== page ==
Feeling the Web

Accessibility, UX/UI, Tactile Design   |   2019

Designers are often praised for being problem solvers, but what happens when accessibility enters the equation? Accessible design has become a unicorn in the design community: so many people aspire to create it, but few work hard to capture it.
Why does it feel like extra work to design accessible digital environments? The answer requires us to define accessibility in terms of empathy. To do this, one must understand the five basic groups of disabilities, how to design for those communities, and the best practices to create an internet that is equally accessible to all.

These are the five groups of disabilities to keep in mind when designing for the senses:

  • Vision-related disabilities make it difficult to perceive visual information.
  • Mobility disabilities are defined by the difficulty or inability to use one’s hands, arms, legs, or other body parts to interact.
  • Auditory disabilities relate a partial to complete inability to pick up sound.
  • Neurological disabilities refer to restricted sensory perceptions or mental processes.
  • Lastly, cognitive disabilities include loss of memory, reduced attention span and limited problem-solving skills. 

A practical approach to designing for this wide range of different abilities can be found in the acronym P.O.U.R. by W3C (the World Wide Web Consortium), an international internet standards organization. This tool helps design digital environments that are equally accessible to all users. If each standard is followed, you can be sure that your end product will be accessible to each disability group.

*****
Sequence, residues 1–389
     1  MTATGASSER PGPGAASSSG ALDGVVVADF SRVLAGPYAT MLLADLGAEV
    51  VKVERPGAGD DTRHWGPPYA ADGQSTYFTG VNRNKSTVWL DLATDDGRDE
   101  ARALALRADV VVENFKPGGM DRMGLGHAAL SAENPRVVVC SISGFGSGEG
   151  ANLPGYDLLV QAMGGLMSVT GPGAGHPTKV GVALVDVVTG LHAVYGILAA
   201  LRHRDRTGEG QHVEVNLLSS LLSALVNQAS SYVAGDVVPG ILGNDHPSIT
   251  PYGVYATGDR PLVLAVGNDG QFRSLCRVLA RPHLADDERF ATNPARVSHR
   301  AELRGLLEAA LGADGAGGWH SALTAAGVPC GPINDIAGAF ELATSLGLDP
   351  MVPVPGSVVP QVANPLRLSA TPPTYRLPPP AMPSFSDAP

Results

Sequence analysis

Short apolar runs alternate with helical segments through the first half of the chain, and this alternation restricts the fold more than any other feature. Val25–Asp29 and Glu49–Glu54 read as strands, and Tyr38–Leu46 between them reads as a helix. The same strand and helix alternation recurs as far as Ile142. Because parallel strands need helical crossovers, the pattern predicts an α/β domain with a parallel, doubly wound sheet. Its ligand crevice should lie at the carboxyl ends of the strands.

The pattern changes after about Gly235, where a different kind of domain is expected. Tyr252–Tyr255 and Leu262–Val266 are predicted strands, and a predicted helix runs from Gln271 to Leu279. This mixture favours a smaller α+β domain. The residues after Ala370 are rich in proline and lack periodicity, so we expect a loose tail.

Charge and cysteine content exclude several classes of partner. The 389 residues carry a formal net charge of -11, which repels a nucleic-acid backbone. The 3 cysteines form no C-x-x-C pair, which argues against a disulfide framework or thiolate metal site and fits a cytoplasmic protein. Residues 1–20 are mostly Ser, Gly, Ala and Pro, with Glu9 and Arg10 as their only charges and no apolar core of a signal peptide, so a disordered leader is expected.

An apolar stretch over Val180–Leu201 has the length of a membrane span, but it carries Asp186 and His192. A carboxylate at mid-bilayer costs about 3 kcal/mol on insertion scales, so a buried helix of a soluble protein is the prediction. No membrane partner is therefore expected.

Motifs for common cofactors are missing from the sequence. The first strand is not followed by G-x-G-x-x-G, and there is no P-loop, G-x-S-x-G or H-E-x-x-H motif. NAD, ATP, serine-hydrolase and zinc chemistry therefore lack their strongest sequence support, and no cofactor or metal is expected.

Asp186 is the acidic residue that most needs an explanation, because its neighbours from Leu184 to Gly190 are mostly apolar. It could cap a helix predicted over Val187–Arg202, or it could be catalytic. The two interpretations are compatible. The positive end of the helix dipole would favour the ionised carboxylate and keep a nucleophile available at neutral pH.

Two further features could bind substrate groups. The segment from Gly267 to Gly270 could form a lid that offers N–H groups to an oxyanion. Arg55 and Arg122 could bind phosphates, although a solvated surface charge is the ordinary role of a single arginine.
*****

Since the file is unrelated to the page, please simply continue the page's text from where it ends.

Perceivable


Perceivable means on-screen information and user interface components must be easily presentable to users. While this might sound obvious, this is where many design processes fail.
At the crux of this issue is the optical phenomenon of color. In essence, color is light perceived at different wavelengths. Many people use screens and cannot perceive color. As a result, it is the designer’s call to create accessible, digital environments that are accessible and do not rely solely on color to create a visual hierarchy. One of the ways this is achieved is through tactile UI.



It is the designer’s call to create accessible, digital environments that do not rely solely on color to create a visual hierarchy.


Tactile interfaces have their origins in the very first Mac GUI’s (Graphical User Interfaces) from 1984. Designers and engineers implemented a screen-based rendition of the area that users know best: their desks. This became known as the desktop metaphor. The result is utilities, folders, directories, notepads, hard drives and other items that have become icons on our screens.

Tactile UI takes the same approach. You wouldn’t see a flat, dimensionless field of color for an elevator button. Real-world buttons have texture, depth, changing states, and feel attached to the button. If we can learn to marvel at elevator buttons, then we can learn to design tactile UI by implementing various user states, such as adding outlines or visuals other than color to communicate function. An approach like this will help create a better user experience for everyone.


Operable